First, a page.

Mark Cuban, a Shark Tank star and owner of the NBA team Dallas Mavericks, has weighed in on the U.S. Securities and Exchange Commission (SEC) v. Ripple case regarding XRP . “The current mission of the SEC is not to protect small investors,” the billionaire asserted. “Their goal is to litigate. And litigate more. And litigate more.”
Mark Cuban Weighs in on SEC v. Ripple Case
Shark Tank star and the owner of the NBA team Dallas Mavericks, Mark Cuban, has shared his thoughts on Twitter concerning the U.S. Securities and Exchange Commission (SEC) v. Ripple case regarding XRP .
Commenting on the SEC’s filing in the lawsuit against Terraform Labs and co-founder Do Kwon, where the regulator alleged that the Ripple ruling was “wrongly decided ,” Cuban criticized the securities watchdog for referring to “every buyer as an investor in their filing.” The billionaire argued:
That’s not the case and Ripple made that clear. Securities have one purpose, to be a security. For a defi or CEX buyer, it’s impossible to know why a buyer buys. But it is possible to look at the Blockchain and see there are transactions based on the utility of the token.
The Shark Tank star warned on July 14, one day after the Ripple ruling , that “The SEC can still go after exchanges for selling tokens because they feel they regulate the exchanges.”
He described: “Of course, there is a lot of grey in this ruling, but the SEC could have gone the route of Japan and set rules to protect investors. Instead, they choose to always litigate to regulate. Think about that approach from the perspective of a small investor or a small entrepreneur looking to start a crypto company. The SEC expects both to hire securities attorneys to provide guidance. (I know. We called them to ask them what to do for a company I’m involved with).”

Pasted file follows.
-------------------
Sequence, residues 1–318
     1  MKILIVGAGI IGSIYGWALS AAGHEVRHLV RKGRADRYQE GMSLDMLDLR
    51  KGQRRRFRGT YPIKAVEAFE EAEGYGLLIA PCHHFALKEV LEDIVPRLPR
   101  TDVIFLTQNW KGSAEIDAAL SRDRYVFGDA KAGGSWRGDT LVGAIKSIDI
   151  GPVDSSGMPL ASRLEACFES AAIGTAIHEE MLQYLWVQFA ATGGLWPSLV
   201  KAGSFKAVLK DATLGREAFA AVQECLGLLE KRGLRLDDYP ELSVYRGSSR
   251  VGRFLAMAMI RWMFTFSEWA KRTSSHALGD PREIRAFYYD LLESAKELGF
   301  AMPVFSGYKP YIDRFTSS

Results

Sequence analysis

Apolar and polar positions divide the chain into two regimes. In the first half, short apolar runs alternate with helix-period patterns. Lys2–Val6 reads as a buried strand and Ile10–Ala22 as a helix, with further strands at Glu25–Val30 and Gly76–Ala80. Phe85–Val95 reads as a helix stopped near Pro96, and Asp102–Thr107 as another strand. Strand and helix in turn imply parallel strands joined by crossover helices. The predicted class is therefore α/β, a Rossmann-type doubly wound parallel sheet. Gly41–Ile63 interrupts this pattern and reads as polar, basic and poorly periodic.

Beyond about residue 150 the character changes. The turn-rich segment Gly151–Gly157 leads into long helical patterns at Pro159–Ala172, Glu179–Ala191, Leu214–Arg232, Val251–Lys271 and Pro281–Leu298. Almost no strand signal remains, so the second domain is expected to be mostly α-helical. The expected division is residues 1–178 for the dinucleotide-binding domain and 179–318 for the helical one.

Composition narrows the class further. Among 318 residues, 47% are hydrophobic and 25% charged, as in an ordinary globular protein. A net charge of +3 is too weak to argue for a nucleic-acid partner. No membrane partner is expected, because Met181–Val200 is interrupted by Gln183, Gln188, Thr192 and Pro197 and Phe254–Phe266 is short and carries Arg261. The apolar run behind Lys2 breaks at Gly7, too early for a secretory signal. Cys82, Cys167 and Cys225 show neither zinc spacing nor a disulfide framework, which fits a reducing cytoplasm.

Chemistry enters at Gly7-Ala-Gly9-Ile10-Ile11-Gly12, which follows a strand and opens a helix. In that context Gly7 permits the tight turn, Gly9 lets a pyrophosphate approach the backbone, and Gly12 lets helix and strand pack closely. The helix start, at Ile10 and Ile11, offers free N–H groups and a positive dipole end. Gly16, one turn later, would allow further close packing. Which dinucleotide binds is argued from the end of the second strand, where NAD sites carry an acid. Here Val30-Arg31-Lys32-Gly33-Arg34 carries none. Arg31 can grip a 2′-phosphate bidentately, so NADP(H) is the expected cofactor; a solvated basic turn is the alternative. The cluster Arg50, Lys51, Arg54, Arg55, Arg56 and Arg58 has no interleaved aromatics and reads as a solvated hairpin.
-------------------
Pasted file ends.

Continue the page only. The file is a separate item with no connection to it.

The only reasonable conclusion, is that the current mission of the SEC is not to protect small investors. It never has been. (See the billions of shares trading in bankrupt companies … and in crazy pink sheet and OTC companies). Their goal is to litigate. And litigate more. And litigate more.
“All this could go away if Congress or the SEC set brightline rules,” the Dallas Mavericks owner concluded.
Earlier this month, Cuban said the SEC chose the wrong path to regulate crypto, stating that the regulator was “arrogant in thinking that its framework covered every possible situation.” In June, he offered suggestions on how the SEC could regulate the crypto industry.
Following the Ripple ruling, several U.S. lawmakers called on Congress to pass legislation to regulate crypto. The SEC has indicated that it will appeal the Ripple ruling. SEC Chairman Gary Gensler said last week that the securities regulator is “disappointed ” in the court ruling on retail investors but will continue to bring crypto firms into compliance. The SEC has also asked Congress for more funding in order to tackle crypto risks and wrongdoing.
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